Not all the songs performed were from Catch a Fire but they formed the main strand of the musical programme, including album opener ‘Concrete Jungle’, ‘Slave Driver’, ‘400 Years’, ‘Stop That Train’, ‘Baby We’ve Got a Date’, and ‘Stir It up’, the latter opening the second set with a great string arrangement involving the fiddling duo of violinist Miles Brett and Stephen Hussey. ‘Kinky Reggae’, and the formidable ‘No More Trouble’ were also performed from Catch a Fire (only ‘Midnight Ravers’ was absent), and other Marley classics featured included ‘Redemption Song’ and ‘One Love’ from Exodus for good measure.

All the arrangements were by alto saxophonist Jason Yarde who was part of a strong sax section that included newcomer baritone saxophonist Teresina Morra, whose solo early on acted as a marker for an exciting new name of note to watch out for. Harry Brown in the trombone section was as listenable as ever, and notable trumpet solos were taken by Yazz Ahmed and James McKay.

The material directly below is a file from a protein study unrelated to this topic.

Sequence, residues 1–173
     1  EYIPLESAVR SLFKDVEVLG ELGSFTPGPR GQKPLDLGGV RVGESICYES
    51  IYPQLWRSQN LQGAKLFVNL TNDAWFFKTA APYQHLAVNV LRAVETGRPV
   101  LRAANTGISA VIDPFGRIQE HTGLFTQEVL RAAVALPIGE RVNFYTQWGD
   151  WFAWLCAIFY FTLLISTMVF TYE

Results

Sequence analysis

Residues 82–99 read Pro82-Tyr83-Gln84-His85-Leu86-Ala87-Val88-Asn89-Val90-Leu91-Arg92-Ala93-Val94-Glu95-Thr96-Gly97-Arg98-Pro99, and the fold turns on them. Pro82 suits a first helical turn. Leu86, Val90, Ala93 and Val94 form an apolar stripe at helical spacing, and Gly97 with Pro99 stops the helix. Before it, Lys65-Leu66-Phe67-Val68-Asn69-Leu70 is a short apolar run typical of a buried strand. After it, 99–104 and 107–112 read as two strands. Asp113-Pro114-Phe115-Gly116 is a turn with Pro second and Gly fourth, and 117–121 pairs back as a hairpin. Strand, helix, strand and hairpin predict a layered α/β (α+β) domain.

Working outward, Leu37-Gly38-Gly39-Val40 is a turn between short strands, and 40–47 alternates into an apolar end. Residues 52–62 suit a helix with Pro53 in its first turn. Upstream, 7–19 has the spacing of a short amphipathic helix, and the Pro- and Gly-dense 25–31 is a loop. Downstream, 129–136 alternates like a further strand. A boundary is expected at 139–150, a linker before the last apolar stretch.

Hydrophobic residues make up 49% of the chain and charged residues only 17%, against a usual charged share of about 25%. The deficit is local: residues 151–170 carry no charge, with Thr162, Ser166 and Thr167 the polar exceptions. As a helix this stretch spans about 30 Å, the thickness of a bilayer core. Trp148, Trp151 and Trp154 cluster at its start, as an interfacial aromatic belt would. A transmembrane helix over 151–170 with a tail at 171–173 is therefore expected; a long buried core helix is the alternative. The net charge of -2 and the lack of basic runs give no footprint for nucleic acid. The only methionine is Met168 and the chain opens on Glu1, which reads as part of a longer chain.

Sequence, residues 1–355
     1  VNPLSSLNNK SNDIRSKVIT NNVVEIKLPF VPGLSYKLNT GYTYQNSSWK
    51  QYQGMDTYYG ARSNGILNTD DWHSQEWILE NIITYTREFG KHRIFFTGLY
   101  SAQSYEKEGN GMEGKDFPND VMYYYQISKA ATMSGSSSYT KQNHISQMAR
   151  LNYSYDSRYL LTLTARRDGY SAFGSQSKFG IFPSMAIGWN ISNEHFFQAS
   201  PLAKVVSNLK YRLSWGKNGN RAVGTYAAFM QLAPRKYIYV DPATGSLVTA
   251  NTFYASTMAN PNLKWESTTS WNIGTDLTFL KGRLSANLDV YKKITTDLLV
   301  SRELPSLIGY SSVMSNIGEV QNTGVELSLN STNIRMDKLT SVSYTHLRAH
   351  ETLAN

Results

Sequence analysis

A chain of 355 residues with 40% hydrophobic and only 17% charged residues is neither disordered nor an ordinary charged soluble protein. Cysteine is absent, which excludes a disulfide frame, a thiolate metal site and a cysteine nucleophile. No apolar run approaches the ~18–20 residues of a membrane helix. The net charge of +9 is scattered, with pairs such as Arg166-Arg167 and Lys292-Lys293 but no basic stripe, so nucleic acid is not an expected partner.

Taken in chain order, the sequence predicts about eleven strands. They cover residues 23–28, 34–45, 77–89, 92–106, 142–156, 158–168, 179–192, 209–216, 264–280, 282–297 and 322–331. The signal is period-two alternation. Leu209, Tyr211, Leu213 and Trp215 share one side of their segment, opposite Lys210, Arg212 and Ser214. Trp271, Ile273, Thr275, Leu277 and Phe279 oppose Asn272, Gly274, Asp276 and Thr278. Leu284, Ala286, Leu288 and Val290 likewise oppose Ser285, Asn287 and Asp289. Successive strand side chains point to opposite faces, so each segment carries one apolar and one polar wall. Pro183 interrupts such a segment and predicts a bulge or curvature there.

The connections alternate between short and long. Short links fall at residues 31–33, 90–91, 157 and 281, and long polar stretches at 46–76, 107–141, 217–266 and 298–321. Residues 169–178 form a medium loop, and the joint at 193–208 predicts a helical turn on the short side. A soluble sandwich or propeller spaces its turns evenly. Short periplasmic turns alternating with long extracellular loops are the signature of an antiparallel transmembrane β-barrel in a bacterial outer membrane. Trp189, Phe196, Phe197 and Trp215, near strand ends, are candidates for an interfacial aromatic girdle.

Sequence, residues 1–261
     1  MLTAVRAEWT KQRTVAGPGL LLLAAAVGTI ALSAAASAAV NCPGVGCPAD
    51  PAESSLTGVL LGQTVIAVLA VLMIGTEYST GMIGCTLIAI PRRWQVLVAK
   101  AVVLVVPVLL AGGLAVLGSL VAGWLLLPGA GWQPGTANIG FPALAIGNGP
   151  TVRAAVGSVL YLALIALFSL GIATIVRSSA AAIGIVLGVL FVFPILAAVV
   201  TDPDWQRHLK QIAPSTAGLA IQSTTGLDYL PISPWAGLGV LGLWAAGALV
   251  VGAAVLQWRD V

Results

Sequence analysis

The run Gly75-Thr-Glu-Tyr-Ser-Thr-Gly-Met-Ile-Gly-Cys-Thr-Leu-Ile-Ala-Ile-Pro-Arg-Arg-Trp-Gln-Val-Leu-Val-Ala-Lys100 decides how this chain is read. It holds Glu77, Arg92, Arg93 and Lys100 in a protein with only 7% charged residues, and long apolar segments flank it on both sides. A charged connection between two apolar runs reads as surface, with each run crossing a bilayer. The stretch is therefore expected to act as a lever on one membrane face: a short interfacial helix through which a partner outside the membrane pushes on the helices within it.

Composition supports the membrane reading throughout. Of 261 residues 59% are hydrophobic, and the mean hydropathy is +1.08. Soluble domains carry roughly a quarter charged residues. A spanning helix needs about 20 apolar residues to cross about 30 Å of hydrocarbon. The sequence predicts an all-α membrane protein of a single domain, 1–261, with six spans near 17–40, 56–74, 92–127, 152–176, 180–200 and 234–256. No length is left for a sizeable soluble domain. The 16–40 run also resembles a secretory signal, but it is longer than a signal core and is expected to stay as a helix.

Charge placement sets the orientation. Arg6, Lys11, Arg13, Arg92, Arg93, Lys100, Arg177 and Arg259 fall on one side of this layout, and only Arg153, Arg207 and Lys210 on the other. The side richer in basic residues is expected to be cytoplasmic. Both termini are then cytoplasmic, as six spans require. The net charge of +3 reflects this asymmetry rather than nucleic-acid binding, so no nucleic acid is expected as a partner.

Forde was uniformly excellent, with great stage presence and a mellifluously persuasive voice, particularly on ‘Stop That Train’, ‘400 Years’ and ‘Redemption Song’, and the South Bank Centre choir Voice Lab directed by Mark De-Lisser went down a storm in the second set with their spirited sense of involvement. The audience got on to their feet and it all felt so natural. Earlier the vocal torch was carried under their own pared down auspices by the All Stars’ backing singers who Crosby dubbed “them three”, Jazz Jamaica’s own I-Threes: MOBO-nominated Zara McFarlane, Valerie Etienne and Rasiyah Jubari, whose harmonies and occasional ensemble-stealing moments were just great. Musical director and conductor Kevin Robinson’s trumpet solo at the end was also a classy touch. Hear this very fine presentation if you can before the tour ends next week, and you’ll lively up yourself for sure. Stephen Graham

Photos: Roger Thomas

The Lively Up festival tour continues on Friday night at Leeds Town Hall, followed by De Montfort Hall, Leicester, on 31 October, and reaches the Usher Hall, Edinburgh on 2 November